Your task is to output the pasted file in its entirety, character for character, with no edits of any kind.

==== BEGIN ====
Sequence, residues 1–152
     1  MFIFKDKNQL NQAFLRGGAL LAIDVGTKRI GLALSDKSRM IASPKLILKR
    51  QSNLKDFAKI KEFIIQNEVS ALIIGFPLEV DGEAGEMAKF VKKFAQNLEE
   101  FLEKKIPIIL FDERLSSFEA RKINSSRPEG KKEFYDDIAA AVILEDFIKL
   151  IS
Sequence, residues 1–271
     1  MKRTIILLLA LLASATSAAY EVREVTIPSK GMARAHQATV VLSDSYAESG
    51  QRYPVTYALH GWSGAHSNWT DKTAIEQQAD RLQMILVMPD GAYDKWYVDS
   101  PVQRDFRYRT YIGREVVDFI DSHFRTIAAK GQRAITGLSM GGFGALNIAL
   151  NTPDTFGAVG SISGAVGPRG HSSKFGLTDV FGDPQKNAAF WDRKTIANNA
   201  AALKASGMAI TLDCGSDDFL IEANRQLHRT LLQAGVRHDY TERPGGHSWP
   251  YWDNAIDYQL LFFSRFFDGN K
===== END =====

Sequence, residues 1–152
     1  MFIFKDKNQL NQAFLRGGAL LAIDVGTKRI GLALSDKSRM IASPKLILKR
    51  QSNLKDFAKI KEFIIQNEVS ALIIGFPLEV DGEAGEMAKF VKKFAQNLEE
   101  FLEKKIPIIL FDERLSSFEA RKINSSRPEG KKEFYDDIAA AVILEDFIKL
   151  IS
Sequence, residues 1–271
     1  MKRTIILLLA LLASATSAAY EVREVTIPSK GMARAHQATV VLSDSYAESG
    51  QRYPVTYALH GWSGAHSNWT DKTAIEQQAD RLQMILVMPD GAYDKWYVDS
   101  PVQRDFRYRT YIGREVVDFI DSHFRTIAAK GQRAITGLSM GGFGALNIAL
   151  NTPDTFGAVG SISGAVGPRG HSSKFGLTDV FGDPQKNAAF WDRKTIANNA
   201  AALKASGMAI TLDCGSDDFL IEANRQLHRT LLQAGVRHDY TERPGGHSWP
   251  YWDNAIDYQL LFFSRFFDGN K